Yeah, I worked as an IT Admin for a few years and there's good reason why it takes so long for new technologies to get approved. If something messes up, the business messes up, plain and simple. The bigger the company, the bigger the challenges. It's particularly challenging on roll-outs of new software when you're trying to get people on say the new version of Office when there's still people on the old version, particularly when there are new file formats that are incompatible with the old one. There's also an issue of cost. Unlike home users who can get by with overusing a single license without getting caught, businesses have to have every i dotted and every t crossed. It's not cheap and if something works, it just better to stick with it. That's why so many companies (including the one I presently work at) still run XP machines. They were smart to skip Vista, but it looks like most of these XP companies will have to go to 7 at some point for a variety of reasons. At least it's stable.

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Nathaniel Tolbert
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Joined: 11/06/2010
Depending on the work that

Depending on the work that you are doing, you can't blame the IT guys for taking a long time before approving anything. Being in that field and having to work under the FDA's 21CFR, compliance with the rules takes precedence, and before anything new gets rolled out, that new item has to be tested in a contained environment and confirmed that it will not damage, or change the way the documented systems work, and then to top it off, the update has to be documented as well, not just the installation, but everything that update does. This makes keeping Windows up to date a serious issue. You may also adhere to the Sarbanes Oxley compliance, or HIPAA compliance, and each one has a specification that must be followed to maintain compliance, and this vastly slows down the IT department.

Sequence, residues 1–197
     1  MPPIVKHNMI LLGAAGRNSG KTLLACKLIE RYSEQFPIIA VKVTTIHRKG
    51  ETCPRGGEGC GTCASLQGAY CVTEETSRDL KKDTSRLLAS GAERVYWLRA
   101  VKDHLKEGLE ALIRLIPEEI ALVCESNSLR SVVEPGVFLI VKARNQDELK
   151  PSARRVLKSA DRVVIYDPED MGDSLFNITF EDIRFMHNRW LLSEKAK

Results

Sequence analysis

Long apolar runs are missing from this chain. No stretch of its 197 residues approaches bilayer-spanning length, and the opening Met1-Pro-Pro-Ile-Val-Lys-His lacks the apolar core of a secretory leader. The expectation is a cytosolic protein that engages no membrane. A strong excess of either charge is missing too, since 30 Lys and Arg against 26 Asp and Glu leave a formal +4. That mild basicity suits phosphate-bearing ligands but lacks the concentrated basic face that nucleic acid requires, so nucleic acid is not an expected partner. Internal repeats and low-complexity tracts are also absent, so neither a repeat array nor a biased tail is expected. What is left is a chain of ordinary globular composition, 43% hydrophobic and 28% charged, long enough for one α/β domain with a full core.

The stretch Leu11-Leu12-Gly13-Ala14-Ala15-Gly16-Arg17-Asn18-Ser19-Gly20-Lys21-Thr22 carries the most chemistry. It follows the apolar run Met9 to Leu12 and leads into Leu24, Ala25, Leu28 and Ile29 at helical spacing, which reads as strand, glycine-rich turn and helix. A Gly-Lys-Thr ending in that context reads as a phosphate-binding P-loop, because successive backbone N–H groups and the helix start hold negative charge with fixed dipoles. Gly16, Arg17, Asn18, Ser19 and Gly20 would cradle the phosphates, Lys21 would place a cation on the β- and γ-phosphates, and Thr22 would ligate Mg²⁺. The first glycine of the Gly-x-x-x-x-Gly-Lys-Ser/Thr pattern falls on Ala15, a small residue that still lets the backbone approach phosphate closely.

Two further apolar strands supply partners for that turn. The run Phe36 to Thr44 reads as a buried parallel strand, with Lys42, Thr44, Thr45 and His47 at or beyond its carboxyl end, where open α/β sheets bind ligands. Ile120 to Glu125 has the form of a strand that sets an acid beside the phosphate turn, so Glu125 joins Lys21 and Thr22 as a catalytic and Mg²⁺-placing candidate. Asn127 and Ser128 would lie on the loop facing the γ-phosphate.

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forcefield58
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Joined: 05/19/2006
Multiple Monitors and Update Tech Wish For Item

We also have dual 21" monitors at work and now when I go to a telework location with only 1 monitor, its like going back in time. I just wish we'd use more modern software to do our job. It takes forever for our LAN folks to approve a new version of anything.

One other thing I'm wanting for Xmas is a ham radio receiver. I always wanted a good one just to mess around with. I've got long-wire antennas that I could use that are left-overs from a previous job. It's pretty cool to scan the airwaves and see how far your reach is.

Cheers

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Nathaniel Tolbert
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Joined: 11/06/2010
I won't deny that

I won't deny that multi-monitor set ups are great for work. We use dual monitor setups on the desktops at work and the Servers have 4 monitors each. The ability to flip to different screens for different routines and programs just cannot be beat. What I wish Eyefinity would really let me do, is game on one monitor while running something like a movie on the other, but I haven't ever been able to get that to work. Any ideas without hacking drivers?